Sexual health rank seems questionable

According to a study commissioned by condom manufacturer Trojan, the University is ranked 65th in the nation for on-campus resources that encourage sexual health.

At first glance, our ranking may sound solid. But consider that only 141 schools nationwide were in the running, and the University ranks dead last in the Big Ten — with four schools in the conference placing in the top 10 overall.

Does this reflect poorly on McKinley and other wellness centers’ abilities to promote sexual health through the dissemination of contraceptives, tests and information? Not necessarily, but there is something to be said about our drop of 51 places in the rankings from last year, when we were ranked 14th.

The firm that conducted the study for Trojan said other schools have integrated an interactive question and answer discussion that allows for anonymity when asking potentially embarrassing sexual health questions, and that was partially the reason why our rankings dropped so dramatically.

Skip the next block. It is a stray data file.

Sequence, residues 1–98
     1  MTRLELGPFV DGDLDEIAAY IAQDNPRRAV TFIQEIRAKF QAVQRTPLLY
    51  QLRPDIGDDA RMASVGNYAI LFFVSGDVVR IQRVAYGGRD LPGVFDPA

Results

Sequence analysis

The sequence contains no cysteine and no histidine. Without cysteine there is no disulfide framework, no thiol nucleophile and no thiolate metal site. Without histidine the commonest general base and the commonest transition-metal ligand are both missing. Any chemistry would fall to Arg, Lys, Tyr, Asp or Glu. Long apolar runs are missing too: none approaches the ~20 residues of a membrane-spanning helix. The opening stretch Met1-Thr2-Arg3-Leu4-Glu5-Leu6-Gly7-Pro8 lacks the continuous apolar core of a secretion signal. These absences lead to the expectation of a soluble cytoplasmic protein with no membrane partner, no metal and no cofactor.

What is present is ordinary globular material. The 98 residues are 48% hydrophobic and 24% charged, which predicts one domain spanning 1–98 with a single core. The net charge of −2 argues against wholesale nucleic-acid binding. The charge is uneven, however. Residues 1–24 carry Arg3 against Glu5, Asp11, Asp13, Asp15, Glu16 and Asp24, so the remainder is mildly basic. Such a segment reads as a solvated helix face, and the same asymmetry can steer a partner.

While the University has not created such a platform yet, condoms are still available for free at various locations campus-wide, and birth control and sexually transmitted disease tests are available at little to no cost for students.

The question then becomes: Are we supposed to take a study on sexual health at its word if it was commissioned by a company with a financial stake in selling contraceptives? If that did not signal a red flag for conflict of interest, then a glance at their study will.

The packet outlining their findings had as much text about Trojan’s new products as it did sexual health resources. In fact, specifics regarding the study’s findings are minimal, as a lot of their analysis compared rival college conferences and which schools gained and lost the most spots.

This is not to say that McKinley does not need improving; there are always ways to improve the quality of the University’s sexual health resources, but there is no reason students should be disturbed by the company’s findings.

We should be skeptical if the company funding the study can benefit from the study’s findings. That doesn’t mean we should be afraid to take some of the survey’s suggestions; a sexual health question and answer forum could be incredibly helpful. We should find a balance of skepticism at the source and enthusiasm to always be improving our resources in this area.